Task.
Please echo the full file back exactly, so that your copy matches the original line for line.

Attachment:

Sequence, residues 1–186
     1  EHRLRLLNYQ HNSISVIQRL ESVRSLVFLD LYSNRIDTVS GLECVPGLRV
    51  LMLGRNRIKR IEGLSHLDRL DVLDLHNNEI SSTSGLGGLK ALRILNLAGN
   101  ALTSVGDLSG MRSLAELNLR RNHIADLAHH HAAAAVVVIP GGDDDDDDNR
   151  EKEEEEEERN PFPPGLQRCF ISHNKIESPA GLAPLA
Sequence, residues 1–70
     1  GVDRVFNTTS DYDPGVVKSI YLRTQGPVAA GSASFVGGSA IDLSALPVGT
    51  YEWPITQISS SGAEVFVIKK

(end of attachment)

Sequence, residues 1–186
     1  EHRLRLLNYQ HNSISVIQRL ESVRSLVFLD LYSNRIDTVS GLECVPGLRV
    51  LMLGRNRIKR IEGLSHLDRL DVLDLHNNEI SSTSGLGGLK ALRILNLAGN
   101  ALTSVGDLSG MRSLAELNLR RNHIADLAHH HAAAAVVVIP GGDDDDDDNR
   151  EKEEEEEERN PFPPGLQRCF ISHNKIESPA GLAPLA
Sequence, residues 1–70
     1  GVDRVFNTTS DYDPGVVKSI YLRTQGPVAA GSASFVGGSA IDLSALPVGT
    51  YEWPITQISS SGAEVFVIKK